Off The Bookshelf: Mutt’s Dream: Making The Mick

Someday, when some film maker chronicles the life of Mickey Mantle, and surely the career of one of baseball’s greatest and most popular players – ever – is deserving of a robust cinematic treatment, and not just as a secondary figure as portrayed in Billy Crystal’s, “61!” – the producers will, no doubt, research a new book by Howard Burman, “Mutt’s Dream:  Making The Mick,” as the basis for scripting the Yankee icon’s boyhood years growing up in Oklahoma.

What makes a man, what makes a ballplayer, what is the foundation from which grows an icon is the atom of this treatment, richly detailed to where you might feel you are already holding the screenplay to document.

“Mutt’s Dream:  Making the Mick” (Ascend Books, hardcover, 320 pp, $22.95) is not a rehash of Mantle’s Hall of Fame career, his 536 home runs, his many moments in many World Series, his MVPs and other honors.  No, it actually ends just as he’s starting to make his mark in the minor leagues.

Every baseball fan, and certainly every Yankees fan, however, will thoroughly enjoy the journey and relate to the hardships of this charismatic character from even before his birth to the time he signs with Yankees scout Tom Greenwade.

You could make a case that Mickey Charles Mantle – so named in honor of Philadelphia Athletics catcher Mickey Cochrane – is at or near the very top of a most prestigious list of most popular ballplayers ever, even to this day.  Some 25 years since he passed away, and over 50 years since he played his last game, Mantle’s fans still resonate in the multi-millions (this observer among them), with No. 7 Yankees jerseys ever-present at every game (ahem, when fans are allowed back in the stands).

Why?  Why Mantle arguably more so than even Babe Ruth?  Joe DiMaggio?

Or legends such as Hank Aaron, Willie Mays, or even Jackie Robinson?

All great players, all icons, and still immensely popular, and so socially important, but Mantle came upon a baseball-craving public just as television was blossoming, and although all of the aforementioned were also big winners, Mantle was in the World Series all the time, and on the Game of the Week seemingly all the time, and for a long, long, time, which served as the roots of his popularity.

And he had that name, that alliteration affectation that rolled off the tongue, Mickey Mantle.

Mickey was never a Michael.  His dad, Elven “Mutt” Mantle, was such a St. Louis Cardinals fan in Spavinaw, Oklahoma (the closest major league team to his Dust Bowl upbringing, and could track their games by radio), but he just had to name his first son after his favorite player, the future Hall of Famer who played with the Athletics and Tigers from 1925-37.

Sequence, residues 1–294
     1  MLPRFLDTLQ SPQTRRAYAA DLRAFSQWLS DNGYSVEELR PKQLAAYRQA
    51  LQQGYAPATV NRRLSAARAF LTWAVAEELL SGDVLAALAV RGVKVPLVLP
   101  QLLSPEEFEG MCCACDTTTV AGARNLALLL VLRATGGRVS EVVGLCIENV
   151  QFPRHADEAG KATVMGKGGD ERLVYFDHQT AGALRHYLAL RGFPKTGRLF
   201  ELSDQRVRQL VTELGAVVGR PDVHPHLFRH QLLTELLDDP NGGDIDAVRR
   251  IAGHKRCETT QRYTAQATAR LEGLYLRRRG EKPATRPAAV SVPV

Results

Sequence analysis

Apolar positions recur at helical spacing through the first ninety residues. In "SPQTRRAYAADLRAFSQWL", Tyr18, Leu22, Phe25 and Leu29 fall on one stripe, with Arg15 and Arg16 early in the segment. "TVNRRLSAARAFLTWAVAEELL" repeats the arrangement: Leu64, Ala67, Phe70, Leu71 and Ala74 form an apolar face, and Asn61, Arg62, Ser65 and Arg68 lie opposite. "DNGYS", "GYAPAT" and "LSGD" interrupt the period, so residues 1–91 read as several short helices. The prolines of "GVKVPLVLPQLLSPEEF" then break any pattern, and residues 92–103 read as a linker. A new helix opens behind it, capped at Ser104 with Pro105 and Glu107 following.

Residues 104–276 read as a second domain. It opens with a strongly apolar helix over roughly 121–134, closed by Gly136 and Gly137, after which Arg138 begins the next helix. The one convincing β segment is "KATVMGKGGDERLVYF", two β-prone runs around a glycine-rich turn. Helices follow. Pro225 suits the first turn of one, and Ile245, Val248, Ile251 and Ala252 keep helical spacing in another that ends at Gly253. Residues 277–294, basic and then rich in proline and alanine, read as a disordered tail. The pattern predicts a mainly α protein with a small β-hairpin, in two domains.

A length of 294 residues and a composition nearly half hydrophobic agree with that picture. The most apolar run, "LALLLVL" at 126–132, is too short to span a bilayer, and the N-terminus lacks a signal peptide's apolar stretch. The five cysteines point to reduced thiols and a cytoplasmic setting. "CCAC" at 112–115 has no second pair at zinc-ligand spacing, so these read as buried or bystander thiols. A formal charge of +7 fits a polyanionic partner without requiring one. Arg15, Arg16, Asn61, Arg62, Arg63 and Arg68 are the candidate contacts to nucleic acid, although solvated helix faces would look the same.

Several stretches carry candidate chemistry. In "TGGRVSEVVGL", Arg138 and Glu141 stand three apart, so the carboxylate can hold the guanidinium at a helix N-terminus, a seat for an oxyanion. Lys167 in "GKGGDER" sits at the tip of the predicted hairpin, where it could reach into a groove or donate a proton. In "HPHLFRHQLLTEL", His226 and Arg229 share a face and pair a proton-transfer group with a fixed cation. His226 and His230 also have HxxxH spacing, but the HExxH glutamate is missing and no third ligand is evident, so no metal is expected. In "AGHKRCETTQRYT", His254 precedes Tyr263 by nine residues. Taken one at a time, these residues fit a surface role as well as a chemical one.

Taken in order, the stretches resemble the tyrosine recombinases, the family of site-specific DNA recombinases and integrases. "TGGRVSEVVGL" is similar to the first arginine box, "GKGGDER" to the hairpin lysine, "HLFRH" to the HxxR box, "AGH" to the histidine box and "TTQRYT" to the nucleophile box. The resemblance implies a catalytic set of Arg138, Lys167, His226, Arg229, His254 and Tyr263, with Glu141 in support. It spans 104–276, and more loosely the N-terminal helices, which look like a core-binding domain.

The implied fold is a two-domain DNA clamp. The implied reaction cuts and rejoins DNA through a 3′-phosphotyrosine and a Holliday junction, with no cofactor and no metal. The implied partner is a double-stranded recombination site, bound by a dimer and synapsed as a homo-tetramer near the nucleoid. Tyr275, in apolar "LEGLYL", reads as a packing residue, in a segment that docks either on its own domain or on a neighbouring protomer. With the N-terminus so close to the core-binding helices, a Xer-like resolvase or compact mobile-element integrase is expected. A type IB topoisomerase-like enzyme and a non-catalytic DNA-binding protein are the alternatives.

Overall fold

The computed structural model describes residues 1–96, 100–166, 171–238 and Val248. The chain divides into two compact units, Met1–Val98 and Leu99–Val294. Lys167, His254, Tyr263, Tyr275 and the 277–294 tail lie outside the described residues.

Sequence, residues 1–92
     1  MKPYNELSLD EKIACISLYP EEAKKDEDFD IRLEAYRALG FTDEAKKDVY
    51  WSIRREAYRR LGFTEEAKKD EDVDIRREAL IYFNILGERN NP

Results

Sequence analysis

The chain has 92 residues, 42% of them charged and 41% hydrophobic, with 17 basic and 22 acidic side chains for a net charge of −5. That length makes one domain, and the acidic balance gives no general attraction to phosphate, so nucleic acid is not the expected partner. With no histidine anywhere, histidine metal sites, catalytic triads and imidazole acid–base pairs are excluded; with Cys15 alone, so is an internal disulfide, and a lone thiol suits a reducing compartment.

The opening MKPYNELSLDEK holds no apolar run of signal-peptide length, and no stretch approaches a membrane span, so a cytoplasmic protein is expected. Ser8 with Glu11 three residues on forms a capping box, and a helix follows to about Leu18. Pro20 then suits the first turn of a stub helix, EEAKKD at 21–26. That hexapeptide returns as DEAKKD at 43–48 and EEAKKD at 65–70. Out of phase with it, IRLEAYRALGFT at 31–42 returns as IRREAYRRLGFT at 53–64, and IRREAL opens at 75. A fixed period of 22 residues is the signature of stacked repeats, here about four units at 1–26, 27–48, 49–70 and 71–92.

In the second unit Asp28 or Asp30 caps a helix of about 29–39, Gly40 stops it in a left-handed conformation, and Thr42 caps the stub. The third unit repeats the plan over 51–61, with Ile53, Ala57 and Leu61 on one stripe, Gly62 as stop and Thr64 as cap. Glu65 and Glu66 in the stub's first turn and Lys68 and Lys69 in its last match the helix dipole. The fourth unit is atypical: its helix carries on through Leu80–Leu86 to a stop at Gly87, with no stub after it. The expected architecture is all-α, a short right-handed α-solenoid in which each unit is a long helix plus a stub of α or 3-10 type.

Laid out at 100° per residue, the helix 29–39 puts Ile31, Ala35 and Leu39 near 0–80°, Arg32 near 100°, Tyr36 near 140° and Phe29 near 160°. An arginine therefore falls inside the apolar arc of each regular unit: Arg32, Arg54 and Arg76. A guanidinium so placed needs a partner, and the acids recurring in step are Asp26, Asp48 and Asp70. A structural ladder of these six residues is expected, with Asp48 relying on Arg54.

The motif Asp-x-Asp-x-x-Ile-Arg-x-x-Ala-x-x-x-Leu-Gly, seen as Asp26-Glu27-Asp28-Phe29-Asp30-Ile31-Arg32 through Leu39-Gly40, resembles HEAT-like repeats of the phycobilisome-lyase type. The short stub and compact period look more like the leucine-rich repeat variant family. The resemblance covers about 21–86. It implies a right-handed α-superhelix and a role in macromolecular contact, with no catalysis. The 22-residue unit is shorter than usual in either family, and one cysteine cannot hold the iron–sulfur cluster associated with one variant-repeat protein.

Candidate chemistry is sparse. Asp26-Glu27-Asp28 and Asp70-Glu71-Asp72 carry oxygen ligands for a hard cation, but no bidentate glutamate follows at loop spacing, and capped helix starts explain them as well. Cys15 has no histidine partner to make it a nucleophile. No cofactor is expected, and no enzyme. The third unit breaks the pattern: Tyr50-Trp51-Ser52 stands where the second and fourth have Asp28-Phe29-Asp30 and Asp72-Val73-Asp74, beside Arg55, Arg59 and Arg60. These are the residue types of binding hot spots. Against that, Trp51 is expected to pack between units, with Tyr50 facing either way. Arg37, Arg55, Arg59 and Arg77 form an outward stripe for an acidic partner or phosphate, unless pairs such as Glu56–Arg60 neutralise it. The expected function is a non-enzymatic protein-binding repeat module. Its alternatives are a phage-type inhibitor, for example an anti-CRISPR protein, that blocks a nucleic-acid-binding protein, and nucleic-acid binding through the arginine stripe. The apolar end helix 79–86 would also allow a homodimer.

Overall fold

“Mutt imagines himself as another Cochrane,” writes Burman.  Mutt liked to think, “He’s just like me.”

The 1930 World Series between the Cardinals and Athletics was a soup of mixed emotions as Mutt followed each game on his Philco.

Mutt was such a Cochrane fan that he wanted Mickey to be a catcher, and trained him as such, literally as soon as he could walk.  From the womb, Mutt knew he was raising a ballplayer, but Mickey Mantle, a catcher?

Doesn’t seem right in retrospect, but sure enough, the first time the young Mickey took to a ballfield, it was behind the plate.

Of course Mantle grew to become a good ballplayer.  His natural talents led him to being a star pitcher and shortstop who could hit a “country mile.”

Mantle also could naturally play well on a basketball court, and to be with his friends, he also wanted to play football.

At first, Mutt said, “No!”  No football, too dangerous to get injured and ruin the baseball career was his thinking.  He said no again and again, but eventually gave in to his son’s wishes.

Perhaps he should have stuck to his principles.

Mantle was equally adept on the gridiron, but there was a game where he was kicked in the left shin, which became infected and led to a nearly two-week hospital stay.  Doctors actually seriously considered amputating his left leg below the knee (history is grateful that procedure never occurred).

And it is at least possible Mantle’s life-long bouts with leg problems may have been born with that kick to the shin.

“Mutt’s Dream” is replete with such moments that gave root to the Mantle personna, including to his relationships with women, which may have been influenced by a form of abuse by a female relative when he was very, very young.

But what stands out most about “Mutt’s Dream” is the dialogue, lengthy passages of dialogue from some 80 years ago or so that can make you question its validity.  As if the proverbial fly on the wall back then somehow recorded those moments and beamed them to the present with infinite precision.

Burman does admit to “inventing” some of the dialogue, as he is an accomplished playwright, “but never in contradiction to what we know to be factual or at least reported to be factual.”

And “always as a reflection of the reality of the situation.”

The author culled some of the dialogue from a litany of sources, including the many bios on Mantle, Oklahoma newspaper accounts, Mantle’s Commerce High School Yearbook, the Oklahoma Historical Society, the National Baseball Hall of Fame, the Baylor University Medical Center where Mantle passed away in 1995, and indeed, the Mantle family and some of his oldest friends.

Truly well-researched, none of the “fictitious” dialogue or moments detracts from enjoying the book, and as noted, it reads like episodes of a great television series.  Call Netflix. Call Amazon Prime.  Time to cast “Mutt’s Dream” as soon as the studios are back up and running.

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